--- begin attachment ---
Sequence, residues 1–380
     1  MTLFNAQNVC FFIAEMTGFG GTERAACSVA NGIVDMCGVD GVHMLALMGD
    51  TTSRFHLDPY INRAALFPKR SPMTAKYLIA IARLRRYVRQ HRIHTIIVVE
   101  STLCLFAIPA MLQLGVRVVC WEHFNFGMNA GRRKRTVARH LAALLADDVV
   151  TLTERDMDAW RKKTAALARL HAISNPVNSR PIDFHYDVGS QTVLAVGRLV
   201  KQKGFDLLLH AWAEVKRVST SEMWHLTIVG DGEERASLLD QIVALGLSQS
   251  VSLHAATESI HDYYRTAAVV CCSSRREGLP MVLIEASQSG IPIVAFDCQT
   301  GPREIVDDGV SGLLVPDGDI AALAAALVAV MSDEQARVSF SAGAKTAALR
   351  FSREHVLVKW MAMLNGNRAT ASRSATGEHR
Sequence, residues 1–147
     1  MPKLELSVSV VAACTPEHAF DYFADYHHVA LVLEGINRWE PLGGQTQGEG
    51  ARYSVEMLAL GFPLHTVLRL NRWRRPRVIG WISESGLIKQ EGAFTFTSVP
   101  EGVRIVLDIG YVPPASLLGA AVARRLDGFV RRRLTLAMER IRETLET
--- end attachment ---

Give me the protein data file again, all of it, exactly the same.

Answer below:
Sequence, residues 1–380
     1  MTLFNAQNVC FFIAEMTGFG GTERAACSVA NGIVDMCGVD GVHMLALMGD
    51  TTSRFHLDPY INRAALFPKR SPMTAKYLIA IARLRRYVRQ HRIHTIIVVE
   101  STLCLFAIPA MLQLGVRVVC WEHFNFGMNA GRRKRTVARH LAALLADDVV
   151  TLTERDMDAW RKKTAALARL HAISNPVNSR PIDFHYDVGS QTVLAVGRLV
   201  KQKGFDLLLH AWAEVKRVST SEMWHLTIVG DGEERASLLD QIVALGLSQS
   251  VSLHAATESI HDYYRTAAVV CCSSRREGLP MVLIEASQSG IPIVAFDCQT
   301  GPREIVDDGV SGLLVPDGDI AALAAALVAV MSDEQARVSF SAGAKTAALR
   351  FSREHVLVKW MAMLNGNRAT ASRSATGEHR
Sequence, residues 1–147
     1  MPKLELSVSV VAACTPEHAF DYFADYHHVA LVLEGINRWE PLGGQTQGEG
    51  ARYSVEMLAL GFPLHTVLRL NRWRRPRVIG WISESGLIKQ EGAFTFTSVP
   101  EGVRIVLDIG YVPPASLLGA AVARRLDGFV RRRLTLAMER IRETLET